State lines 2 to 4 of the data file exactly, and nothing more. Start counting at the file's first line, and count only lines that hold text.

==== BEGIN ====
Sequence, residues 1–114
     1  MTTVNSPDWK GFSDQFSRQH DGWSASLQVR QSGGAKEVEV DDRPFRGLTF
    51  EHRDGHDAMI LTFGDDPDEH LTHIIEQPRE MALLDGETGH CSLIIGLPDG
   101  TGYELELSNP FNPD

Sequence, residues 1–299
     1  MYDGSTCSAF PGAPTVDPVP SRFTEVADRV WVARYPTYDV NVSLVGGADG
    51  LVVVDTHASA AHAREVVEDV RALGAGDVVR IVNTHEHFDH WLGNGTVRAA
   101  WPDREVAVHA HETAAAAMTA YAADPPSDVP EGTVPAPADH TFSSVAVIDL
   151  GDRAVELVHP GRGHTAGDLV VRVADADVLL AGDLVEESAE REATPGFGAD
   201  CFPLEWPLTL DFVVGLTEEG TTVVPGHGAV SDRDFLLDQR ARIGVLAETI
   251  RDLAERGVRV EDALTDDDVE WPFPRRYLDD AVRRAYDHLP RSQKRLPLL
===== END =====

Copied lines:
     1  MTTVNSPDWK GFSDQFSRQH DGWSASLQVR QSGGAKEVEV DDRPFRGLTF
    51  EHRDGHDAMI LTFGDDPDEH LTHIIEQPRE MALLDGETGH CSLIIGLPDG
   101  TGYELELSNP FNPD